0 Australia 1996 New Zealand 2001 Sweden 1998 United States of America 1990 Korea 1995

other denominations in all regions except Auckland (where Catholics were largest) and Otago and Southland (where the Presbyterian group was the largest).

The main denominations in the 1901 Census While the number of New Zealand residents
born in Europe has shown a small decline since 1996, there have been large increases from Africa, the Middle East and Asia. were Church of England (41 percent of people), Presbyterian (23 percent), Catholic (14 percent), and Methodist (11 percent).

At the 1901 Census only 1 in 30 people did


not give a religious affiliation.

The greatest increase in counts of overseas


birthplace between 1996 and 2001 were for:
Absolute Country of Birth Increase from 1996 China South Africa India Fiji Korea 19,431 14,727 8,082 6,951 5,751 Percentage Increase from 1996 100 130 63 37 47

Almost 4 out of 10 people did not specify a


religious affiliation in the 2001 Census.

There has been an increase in people whose


religion is non-Christian:
Religion Hindu Buddhist Islam Spiritualism Count 39,798 41,634 23,631 16,062 Percentage Increase from 1996 56 48 74 64

More multilingual people

The number of multilingual people increased


by 20 percent from the 1996 Census to 562,113 or nearly 1 in 6.

English is the predominant language spoken. Excluding children under 5 years of age, 1 in
50 people do not speak English.

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Key Statistics - March 2002

The population is older

Age-Sex Structure
Male
85+ 80-84 75-79 70-74 65-69 60-64 55-59 50-54 45-49 40-44 35-39 30-34 25-29 20-24 15-19 10-14 5-9 0-4 5 4 3 2 1 0 0 1 2 3 4 5

The median age of the population has


increased from 31 years at the 1991 Census to 35 years in 2001.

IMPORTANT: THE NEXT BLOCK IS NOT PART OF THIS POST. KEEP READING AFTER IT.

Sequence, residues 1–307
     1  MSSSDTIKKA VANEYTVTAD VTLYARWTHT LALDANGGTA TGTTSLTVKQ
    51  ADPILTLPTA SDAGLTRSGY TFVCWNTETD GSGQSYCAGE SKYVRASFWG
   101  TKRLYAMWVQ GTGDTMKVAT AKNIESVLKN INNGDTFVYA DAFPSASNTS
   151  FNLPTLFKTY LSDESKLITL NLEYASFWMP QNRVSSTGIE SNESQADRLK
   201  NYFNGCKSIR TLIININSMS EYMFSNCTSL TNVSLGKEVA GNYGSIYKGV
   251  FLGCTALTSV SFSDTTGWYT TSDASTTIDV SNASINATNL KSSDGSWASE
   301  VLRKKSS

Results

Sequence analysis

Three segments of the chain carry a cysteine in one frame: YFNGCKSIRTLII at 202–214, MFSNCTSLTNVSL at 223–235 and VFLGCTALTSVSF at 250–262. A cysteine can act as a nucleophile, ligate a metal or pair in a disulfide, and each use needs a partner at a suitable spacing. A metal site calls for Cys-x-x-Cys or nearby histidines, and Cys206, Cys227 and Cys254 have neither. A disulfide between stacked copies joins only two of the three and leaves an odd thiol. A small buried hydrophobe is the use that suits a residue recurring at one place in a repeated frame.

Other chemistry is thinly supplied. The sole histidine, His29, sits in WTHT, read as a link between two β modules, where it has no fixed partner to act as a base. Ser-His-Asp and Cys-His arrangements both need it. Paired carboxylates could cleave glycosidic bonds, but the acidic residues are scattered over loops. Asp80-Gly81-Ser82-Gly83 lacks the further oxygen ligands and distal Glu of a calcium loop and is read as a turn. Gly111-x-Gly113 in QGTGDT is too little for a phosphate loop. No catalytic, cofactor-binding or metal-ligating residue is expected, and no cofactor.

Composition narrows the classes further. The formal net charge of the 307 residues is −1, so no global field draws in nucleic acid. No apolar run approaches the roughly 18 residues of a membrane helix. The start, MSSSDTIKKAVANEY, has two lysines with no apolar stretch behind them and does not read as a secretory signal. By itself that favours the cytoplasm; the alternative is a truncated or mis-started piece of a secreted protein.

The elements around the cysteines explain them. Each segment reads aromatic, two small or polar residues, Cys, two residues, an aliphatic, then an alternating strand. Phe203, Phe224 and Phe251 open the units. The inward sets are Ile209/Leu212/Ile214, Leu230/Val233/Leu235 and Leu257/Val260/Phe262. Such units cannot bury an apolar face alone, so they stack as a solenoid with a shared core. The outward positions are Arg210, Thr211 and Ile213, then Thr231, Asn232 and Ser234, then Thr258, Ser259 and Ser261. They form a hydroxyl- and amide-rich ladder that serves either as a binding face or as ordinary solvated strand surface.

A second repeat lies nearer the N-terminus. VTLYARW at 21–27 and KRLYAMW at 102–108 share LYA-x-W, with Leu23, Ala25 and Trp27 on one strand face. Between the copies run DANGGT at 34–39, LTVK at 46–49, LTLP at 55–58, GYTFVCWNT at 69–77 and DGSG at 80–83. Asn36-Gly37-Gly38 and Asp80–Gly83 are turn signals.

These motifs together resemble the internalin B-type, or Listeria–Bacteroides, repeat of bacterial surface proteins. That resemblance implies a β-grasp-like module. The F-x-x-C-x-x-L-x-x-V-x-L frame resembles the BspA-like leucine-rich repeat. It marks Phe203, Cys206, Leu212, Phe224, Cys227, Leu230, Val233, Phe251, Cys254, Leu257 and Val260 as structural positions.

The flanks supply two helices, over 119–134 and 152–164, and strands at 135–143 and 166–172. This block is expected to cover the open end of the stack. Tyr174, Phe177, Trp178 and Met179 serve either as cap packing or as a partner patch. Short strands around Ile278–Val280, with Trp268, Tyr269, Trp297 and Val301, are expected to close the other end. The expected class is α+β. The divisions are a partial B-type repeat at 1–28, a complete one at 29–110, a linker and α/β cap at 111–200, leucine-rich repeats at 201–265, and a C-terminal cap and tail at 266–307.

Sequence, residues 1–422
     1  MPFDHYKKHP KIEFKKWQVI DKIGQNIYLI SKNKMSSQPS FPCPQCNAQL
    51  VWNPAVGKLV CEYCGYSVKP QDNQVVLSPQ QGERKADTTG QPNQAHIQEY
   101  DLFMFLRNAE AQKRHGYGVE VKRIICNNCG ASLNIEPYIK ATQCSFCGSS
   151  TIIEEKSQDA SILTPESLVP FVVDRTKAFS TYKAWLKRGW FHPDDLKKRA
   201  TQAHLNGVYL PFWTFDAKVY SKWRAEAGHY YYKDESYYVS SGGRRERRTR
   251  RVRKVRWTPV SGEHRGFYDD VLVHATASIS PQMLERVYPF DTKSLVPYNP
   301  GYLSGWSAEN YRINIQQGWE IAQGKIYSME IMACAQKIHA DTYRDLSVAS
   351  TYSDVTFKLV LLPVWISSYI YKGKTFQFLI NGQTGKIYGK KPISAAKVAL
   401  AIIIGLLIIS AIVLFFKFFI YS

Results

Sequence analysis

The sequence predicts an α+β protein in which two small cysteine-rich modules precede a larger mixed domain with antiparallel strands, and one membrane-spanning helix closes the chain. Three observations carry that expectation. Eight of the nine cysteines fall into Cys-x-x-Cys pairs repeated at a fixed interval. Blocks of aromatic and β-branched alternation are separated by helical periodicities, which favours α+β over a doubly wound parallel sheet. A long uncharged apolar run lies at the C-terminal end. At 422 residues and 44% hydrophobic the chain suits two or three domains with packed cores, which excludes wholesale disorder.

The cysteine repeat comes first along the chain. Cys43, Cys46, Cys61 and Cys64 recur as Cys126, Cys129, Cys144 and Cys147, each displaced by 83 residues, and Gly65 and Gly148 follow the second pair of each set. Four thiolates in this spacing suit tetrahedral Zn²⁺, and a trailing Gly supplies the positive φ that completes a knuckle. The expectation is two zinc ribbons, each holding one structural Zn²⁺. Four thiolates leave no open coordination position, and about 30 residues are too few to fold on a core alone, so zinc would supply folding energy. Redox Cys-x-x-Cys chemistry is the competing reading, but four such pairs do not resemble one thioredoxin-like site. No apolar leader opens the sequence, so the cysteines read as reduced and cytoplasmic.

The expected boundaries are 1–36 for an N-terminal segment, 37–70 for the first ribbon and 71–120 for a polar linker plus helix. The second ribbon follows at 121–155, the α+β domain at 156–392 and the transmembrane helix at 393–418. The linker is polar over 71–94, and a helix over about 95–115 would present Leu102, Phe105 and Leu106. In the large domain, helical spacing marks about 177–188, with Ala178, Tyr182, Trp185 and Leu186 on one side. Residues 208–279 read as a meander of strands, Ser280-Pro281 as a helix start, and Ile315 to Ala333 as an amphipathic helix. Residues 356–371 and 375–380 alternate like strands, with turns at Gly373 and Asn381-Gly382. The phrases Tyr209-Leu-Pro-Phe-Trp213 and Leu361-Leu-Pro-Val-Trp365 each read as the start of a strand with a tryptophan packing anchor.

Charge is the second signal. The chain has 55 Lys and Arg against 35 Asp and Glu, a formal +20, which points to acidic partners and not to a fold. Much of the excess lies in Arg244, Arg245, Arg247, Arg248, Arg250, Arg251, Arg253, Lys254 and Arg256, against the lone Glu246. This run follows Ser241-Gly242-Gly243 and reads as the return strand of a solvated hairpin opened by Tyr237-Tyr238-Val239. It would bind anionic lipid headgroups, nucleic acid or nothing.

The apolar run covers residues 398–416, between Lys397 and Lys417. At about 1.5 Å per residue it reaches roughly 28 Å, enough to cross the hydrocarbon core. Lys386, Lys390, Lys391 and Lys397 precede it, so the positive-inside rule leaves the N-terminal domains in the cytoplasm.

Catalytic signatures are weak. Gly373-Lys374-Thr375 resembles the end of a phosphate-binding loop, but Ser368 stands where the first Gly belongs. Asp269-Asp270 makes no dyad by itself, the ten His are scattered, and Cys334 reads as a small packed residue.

Female

In the 1901 Census the median age was 22


years.

450,426 or nearly 1 in 8 people are aged 65


years and over compared with 1 in 25 in 1901.

The Marlborough region has the highest


proportion aged 65 years and over with nearly 1 in 6.

The Auckland region has the lowest


proportion aged 65 years and over with 1 in 10.
Percent

Percent

The Gisborne region has the highest


proportion of those aged under 15 years with more than 1 in 4.

Females outnumber males

There were 95.2 males for every 100 females


compared with 97.1 in 1991. The 2001 ratio is less than that in the 1945 Census.

There was an increase of 26 percent in the


number of people aged 85 years and over between 1996 and 2001.

In the 1901 Census there were 111 males to


every 100 females.

Median Age 19452001


36 34 32 30 28 26 24 22 20 18 0 16
1945 51 56 61 66 71 76 81 86 91 96 2001

Of those people aged 85 years and over, 7


in 10 are female.

The West Coast is the only region where the


count of males exceeds the count of females.

More information
The counts for this 2001 Census snapshot are taken from tables prepared for the National Summary topic-based report due to be published at the end of March 2002. These tables are at www.stats.govt.nz under Cultural diversity tables. Further information about the 2001 Census of Population and Dwellings can be found at http://www.stats.govt.nz/census.htm?open.

Census year